Imagine that instead of creating an article for a single user, we wanted to create an article for each one of the users on the site. We cannot write a simple blueprint, like the one above, since we don't know how many users there are in the Drupal site. Hence, we cannot write an article creation subrequest for each user.

To solve this problem we can tweak the user subrequest, so instead of returning a single user it returns all the users in the site:

[ … { "requestId": "user", "action": "view", "uri": "/api/users", "headers": {"Accept": "application/vnd.api+json"} }, … ]

Then in our replacement tokens, we can write a JSON Path expression that will return a list of user UUIDs, instead of a single string. Subrequests will accept JSON Path expressions that return either strings or an array of strings for the replacement tokens.

In our article creation subrequest we will need to change {{user.body@$.data[0].id}} by {{user.body@$.data[*].id}}. The Subrequests module will create a duplicate of the article subrequest for each replacement item. In our case this will have the effect of having a copy of the article creation subrequest per each available user in the user subresponse.

The Final Response

The modified blueprint that generates one article per user will have a response like:

undefined

We can see how a single subrequest can generate n subresponses, and we can use each one of those to generate n other subresponses, etc. This highlights how powerful this technique is. In addition, we have seen that we can combine different type of operations. In our example, we mixed GET and POST in a single blueprint (to get the vocabulary and create the new tags).

Conclusion

Sub requests is a great way to fetch or write many resources in a single HTTP request. This allows us to improve performance significantly while maintaining almost the same flexibility that custom code provides.

Further Your Understanding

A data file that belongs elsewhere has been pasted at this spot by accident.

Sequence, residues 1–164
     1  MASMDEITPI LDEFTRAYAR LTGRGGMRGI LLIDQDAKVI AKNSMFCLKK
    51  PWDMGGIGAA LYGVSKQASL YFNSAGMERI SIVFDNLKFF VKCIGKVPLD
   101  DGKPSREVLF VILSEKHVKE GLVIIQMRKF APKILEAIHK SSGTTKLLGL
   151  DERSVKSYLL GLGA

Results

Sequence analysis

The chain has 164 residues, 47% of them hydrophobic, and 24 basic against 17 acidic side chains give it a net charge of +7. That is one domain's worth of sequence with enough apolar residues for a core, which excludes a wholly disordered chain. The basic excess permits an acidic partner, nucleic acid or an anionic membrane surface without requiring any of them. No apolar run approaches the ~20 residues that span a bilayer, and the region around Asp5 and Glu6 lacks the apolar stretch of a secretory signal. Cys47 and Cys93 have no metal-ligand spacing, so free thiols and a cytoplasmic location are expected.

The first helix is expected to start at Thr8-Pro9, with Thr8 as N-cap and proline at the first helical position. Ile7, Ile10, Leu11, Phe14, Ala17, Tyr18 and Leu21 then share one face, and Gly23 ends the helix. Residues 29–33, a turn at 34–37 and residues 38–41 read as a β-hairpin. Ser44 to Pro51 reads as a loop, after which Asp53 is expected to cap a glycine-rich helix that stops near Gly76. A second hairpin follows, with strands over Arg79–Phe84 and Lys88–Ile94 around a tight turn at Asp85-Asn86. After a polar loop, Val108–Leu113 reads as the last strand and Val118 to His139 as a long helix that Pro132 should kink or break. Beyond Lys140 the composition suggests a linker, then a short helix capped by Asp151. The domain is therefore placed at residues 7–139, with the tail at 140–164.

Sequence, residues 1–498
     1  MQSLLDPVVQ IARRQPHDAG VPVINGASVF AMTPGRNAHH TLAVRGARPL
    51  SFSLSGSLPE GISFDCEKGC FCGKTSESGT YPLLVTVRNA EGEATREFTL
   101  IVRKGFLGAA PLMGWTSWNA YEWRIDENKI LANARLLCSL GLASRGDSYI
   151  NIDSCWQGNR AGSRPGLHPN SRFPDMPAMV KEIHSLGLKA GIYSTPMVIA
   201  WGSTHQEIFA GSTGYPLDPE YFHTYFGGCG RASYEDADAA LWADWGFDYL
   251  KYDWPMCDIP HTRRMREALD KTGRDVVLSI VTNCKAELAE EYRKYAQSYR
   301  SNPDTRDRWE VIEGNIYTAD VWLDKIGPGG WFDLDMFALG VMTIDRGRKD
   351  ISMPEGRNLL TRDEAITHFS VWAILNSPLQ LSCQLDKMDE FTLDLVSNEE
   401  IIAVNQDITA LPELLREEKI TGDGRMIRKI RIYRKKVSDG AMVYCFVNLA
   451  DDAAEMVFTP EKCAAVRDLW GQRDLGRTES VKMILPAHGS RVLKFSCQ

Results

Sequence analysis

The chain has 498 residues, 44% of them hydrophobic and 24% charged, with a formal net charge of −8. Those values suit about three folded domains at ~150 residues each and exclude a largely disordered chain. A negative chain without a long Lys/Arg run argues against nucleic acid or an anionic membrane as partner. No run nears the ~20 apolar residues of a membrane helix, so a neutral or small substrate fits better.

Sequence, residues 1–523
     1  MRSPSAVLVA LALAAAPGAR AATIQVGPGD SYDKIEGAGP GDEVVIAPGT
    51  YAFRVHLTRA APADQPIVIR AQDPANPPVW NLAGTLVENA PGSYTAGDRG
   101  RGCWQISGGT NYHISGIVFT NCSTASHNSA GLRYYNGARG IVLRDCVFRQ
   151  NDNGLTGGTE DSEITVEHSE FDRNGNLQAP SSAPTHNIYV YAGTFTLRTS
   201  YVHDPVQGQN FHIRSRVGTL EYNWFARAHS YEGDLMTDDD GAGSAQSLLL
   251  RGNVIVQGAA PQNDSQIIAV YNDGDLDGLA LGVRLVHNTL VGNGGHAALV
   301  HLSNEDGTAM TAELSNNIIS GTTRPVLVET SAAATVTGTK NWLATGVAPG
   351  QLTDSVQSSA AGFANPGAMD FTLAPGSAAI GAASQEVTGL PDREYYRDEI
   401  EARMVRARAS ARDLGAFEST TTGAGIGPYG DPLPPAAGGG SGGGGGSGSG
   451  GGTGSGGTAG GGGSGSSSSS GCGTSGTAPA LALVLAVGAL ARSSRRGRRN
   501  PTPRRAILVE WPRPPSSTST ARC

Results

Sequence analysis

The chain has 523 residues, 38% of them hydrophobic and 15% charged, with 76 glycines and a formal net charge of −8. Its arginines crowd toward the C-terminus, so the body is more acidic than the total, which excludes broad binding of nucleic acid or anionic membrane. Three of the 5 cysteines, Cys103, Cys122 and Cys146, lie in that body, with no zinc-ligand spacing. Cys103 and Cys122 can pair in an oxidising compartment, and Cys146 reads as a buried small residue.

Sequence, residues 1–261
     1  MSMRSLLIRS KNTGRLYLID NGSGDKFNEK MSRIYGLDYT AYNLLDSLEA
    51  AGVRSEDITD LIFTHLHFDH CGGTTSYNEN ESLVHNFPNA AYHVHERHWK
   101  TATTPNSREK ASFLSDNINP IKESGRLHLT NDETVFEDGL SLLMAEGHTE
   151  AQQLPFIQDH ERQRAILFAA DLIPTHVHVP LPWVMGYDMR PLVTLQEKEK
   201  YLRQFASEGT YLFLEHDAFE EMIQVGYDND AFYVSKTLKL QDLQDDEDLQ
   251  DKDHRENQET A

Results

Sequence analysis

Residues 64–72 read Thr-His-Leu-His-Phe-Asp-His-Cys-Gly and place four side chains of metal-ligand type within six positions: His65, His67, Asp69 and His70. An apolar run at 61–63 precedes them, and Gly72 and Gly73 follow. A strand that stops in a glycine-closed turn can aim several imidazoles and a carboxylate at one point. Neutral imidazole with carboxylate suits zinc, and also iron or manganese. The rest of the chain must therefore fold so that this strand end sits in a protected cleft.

If you want to know more about the blueprint format you can read the specification. The Subrequests module comes with a JSON schema that you can use to validate your blueprint. You can find the schema here.

The hero image was downloaded from Frankenphotos and use without modifications with a CC BY 3.0 license.

Categories: Drupal

Mediacurrent: Webinar Recap: Security by Design - An Introduction to Drupal Security

News from Planet Drupal - Thu, 10/12/2017 - 13:29

With cybercrime on the rise, securing data in Drupal has become a hot topic for developers and project stakeholders alike.

In our latest webinar, we were joined by three Drupal security experts from Townsend Security, Lockr and Mediacurrent who shared their approach for building a secure groundwork to protect site data in Drupal.

Categories: Drupal

Developer Instructor - Acro Media Inc. - Okanagan, BC

Drupal Jobs from Indeed - Thu, 10/12/2017 - 09:14
Drupal CMS knowledge is an asset, or PHP knowledge. Perfect for natural leaders who thrive on a heavy workload, this position carries the responsibilities:....
From Acro Media Inc. - Thu, 12 Oct 2017 09:14:16 GMT - View all Okanagan, BC jobs
Categories: Drupal

Bring current website to WordPress using Divi. - Upwork

WordPress Work From UpWork - Thu, 10/12/2017 - 06:04
Take existing website and copy content to a nice responsive Wordpress template. No original content needed, just copy and paste and I will edit as needed. Transfer my logo and all images to new site. Looking for this to be done within 1 day. I have a website example that was made with Divi that I want my website to look like. Once completed, you will just upload to my Wordpress hosting. Will be looking for someone for ongoing projects. Please only apply if you understand the job description and can complete in a day or less.


Posted On: October 12, 2017 07:41 UTC
Category: Web, Mobile & Software Dev > Web & Mobile Design
Skills: CSS, Graphic Design, HTML, Web Design, Website Development, WordPress
Country: United States
click to apply
Categories: WordPress Maintenance

WORDPRESS WEBSITE NEEDED - Upwork

WordPress Work From UpWork - Thu, 10/12/2017 - 03:59
I have a prospective client who wants to Create a wordpress website to showcase his business.

I need a few drafts of possible layouts to win the contract.

I can supply enough content and images to get this underway.

Thanks


Posted On: October 12, 2017 07:41 UTC
Category: Web, Mobile & Software Dev > Web Development
Skills: Graphic Design, Website Development, WordPress
Country: Australia
click to apply
Categories: WordPress Maintenance